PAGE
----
Vattenfall and Stromma Group are investing in silent, emission-free electric sightseeing boats. The collaboration begins with Amsterdam’s canal cruisers, which will be fully electrified by 2025.
The Stromma Group – with operations in six countries and 19 cities, including Amsterdam, Berlin, Copenhagen, Oslo, Helsinki and Stockholm – has entered a partnership with Vattenfall to electrify Stromma’s boat fleet to provide fossil-free transportation. The first phase of the collaboration will focus on electrifying canal boats in Amsterdam. Vattenfall will supply the battery system for emission-free operation of the city’s canal boats, which will be mandatory as of 2025.
“The partnership with Stromma is a good example of how collaboration can jointly drive electrification forward and enable a completely emission-free fleet,” says Maria Lindberg, who is responsible for electrification of heavy transport at Vattenfall Network Solutions. “Our ‘Power-as-a-Service’ offering takes this collaborative concept one stage further and involves us owning, managing and taking responsibility for the operation and maintenance of electrical infrastructure. This means that our customers can focus on their core business.”
“We look forward to working with Vattenfall on electrifying our boats in Amsterdam as a first step,” says Patric Sjöberg, President and CEO of Stromma Group. “We are facing a major shift in our operations, and this partnership is an important step in our continued sustainability work.”
Vattenfall is also supplying fossil-free electricity to the Stromma project.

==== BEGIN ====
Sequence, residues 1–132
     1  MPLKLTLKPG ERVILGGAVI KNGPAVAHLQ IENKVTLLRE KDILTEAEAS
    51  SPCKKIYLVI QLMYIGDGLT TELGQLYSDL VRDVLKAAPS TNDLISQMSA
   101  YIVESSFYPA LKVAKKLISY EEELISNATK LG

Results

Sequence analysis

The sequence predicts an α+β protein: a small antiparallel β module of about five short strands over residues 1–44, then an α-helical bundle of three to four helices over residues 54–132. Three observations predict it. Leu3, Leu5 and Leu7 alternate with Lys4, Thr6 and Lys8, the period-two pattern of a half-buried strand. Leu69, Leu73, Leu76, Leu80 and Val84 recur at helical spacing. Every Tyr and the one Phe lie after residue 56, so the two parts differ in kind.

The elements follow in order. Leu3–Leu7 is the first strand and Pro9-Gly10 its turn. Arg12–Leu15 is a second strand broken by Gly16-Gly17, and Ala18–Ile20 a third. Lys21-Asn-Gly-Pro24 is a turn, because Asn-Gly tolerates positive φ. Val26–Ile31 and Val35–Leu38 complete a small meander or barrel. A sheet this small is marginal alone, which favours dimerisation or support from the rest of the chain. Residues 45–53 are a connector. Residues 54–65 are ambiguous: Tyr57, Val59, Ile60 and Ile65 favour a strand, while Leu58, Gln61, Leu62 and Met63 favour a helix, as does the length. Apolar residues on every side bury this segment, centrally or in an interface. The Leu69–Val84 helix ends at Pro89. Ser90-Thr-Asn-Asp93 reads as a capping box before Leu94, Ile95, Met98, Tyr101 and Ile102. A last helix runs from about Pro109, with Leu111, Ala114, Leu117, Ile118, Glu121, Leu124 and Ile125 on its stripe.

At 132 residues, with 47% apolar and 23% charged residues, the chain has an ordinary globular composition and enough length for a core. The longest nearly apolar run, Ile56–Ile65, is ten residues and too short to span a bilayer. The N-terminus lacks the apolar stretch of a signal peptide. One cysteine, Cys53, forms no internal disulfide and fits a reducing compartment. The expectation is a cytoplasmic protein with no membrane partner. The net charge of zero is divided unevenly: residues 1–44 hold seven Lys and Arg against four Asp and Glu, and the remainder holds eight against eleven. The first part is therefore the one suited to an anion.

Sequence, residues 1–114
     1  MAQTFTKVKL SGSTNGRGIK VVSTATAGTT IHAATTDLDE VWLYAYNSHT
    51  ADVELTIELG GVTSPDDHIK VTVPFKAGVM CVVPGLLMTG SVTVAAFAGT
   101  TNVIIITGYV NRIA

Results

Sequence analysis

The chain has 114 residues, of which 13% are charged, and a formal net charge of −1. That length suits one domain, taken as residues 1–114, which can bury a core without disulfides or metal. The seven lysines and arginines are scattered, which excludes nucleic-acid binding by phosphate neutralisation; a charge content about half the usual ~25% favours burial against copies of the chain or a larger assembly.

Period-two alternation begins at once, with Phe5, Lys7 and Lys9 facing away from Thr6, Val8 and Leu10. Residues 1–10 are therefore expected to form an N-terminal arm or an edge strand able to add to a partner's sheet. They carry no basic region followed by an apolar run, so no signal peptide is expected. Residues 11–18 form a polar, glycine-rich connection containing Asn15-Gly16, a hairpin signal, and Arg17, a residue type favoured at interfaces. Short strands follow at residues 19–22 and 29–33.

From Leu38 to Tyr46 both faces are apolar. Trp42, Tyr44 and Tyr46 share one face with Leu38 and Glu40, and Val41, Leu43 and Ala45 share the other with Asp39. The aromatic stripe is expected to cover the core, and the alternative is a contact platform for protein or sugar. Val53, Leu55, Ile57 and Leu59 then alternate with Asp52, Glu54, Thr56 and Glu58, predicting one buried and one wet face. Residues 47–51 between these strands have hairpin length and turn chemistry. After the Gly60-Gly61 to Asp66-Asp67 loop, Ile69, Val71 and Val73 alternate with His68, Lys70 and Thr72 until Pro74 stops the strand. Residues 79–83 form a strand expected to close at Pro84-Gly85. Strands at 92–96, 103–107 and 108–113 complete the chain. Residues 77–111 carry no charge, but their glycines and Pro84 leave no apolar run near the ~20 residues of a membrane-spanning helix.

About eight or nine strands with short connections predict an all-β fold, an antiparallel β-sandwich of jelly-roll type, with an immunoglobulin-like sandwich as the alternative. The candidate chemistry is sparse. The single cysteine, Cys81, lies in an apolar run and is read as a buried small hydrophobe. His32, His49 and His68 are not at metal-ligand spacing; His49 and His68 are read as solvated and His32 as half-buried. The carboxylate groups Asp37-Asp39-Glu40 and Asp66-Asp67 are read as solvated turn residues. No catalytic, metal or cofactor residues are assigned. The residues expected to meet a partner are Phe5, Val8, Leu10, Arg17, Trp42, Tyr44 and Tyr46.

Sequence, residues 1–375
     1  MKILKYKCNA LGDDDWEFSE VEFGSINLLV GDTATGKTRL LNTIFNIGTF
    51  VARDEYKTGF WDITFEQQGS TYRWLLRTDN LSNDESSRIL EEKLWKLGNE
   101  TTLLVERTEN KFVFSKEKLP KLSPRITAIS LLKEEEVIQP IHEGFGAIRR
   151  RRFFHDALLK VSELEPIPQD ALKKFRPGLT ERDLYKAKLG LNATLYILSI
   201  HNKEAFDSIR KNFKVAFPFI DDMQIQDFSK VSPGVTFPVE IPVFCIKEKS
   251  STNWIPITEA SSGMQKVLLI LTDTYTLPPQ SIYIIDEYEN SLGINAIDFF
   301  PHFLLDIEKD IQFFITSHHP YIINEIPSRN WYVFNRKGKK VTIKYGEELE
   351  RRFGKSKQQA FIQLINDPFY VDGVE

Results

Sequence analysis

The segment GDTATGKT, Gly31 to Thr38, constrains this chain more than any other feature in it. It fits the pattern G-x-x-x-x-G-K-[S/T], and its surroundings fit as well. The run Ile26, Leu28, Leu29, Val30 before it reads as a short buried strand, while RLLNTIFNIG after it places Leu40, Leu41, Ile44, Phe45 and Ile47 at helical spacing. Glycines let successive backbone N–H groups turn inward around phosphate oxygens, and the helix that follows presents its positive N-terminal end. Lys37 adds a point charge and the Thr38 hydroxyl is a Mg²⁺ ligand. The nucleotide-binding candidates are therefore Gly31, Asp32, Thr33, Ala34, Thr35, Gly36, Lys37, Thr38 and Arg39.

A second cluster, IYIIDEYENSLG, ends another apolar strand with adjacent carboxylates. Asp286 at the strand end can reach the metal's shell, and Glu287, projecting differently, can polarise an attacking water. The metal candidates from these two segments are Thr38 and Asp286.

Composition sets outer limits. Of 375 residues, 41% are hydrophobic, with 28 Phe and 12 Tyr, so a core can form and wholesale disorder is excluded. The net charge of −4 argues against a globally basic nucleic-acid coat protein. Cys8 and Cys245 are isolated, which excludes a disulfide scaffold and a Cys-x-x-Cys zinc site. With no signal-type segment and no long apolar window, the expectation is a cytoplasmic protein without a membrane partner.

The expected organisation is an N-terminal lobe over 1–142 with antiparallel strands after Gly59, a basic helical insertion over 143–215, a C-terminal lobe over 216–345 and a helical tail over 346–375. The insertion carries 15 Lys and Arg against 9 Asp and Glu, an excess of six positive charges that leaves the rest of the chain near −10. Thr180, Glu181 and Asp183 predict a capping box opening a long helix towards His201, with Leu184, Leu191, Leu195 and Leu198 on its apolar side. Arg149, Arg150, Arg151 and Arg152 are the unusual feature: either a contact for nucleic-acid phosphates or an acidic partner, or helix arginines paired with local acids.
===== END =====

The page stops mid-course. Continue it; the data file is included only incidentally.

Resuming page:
Accelerating the electrical transition
Vattenfall’s commitment to electrification is wide reaching and reflects a global shift away from fossil-fuel dependency. The UK has pledged to reach net zero carbon emissions by 2050. Electricity will play an outsized role in meeting this challenge, resulting in a huge spike in demand – meaning the UK’s electrical infrastructure must adapt and expand.
In order to reduce emissions and accelerate progress towards net zero targets, major upgrades are required. Most businesses’ existing electrical infrastructure is not sufficient to cope with the additional demands expected, yet concerns about investment costs mean that major upgrades are not happening at the required speed. This situation is leaving many businesses open to the risk of competitive disadvantage, due to a shortage of equipment, expertise, and increased wait times for upgraded or new grid connections.
Vattenfall are keen to help UK businesses avoid such problems and to accelerate the electrical transition. Via Power-as-a-Service Vattenfall provide the investment, the expertise, the electrical designs and project management to help companies upgrade their private wire networks and become fossil-free sooner.
9 in 10 of the top 2000 global companies outsource IT because it’s complex. Vattenfall’s partnership with Stromma is one more step which highlights how the outsourcing model is applicable to power infrastructure as well as IT. The main question now is how fast the transition will unfold, and whether it will be fast enough to counter the climate emergency.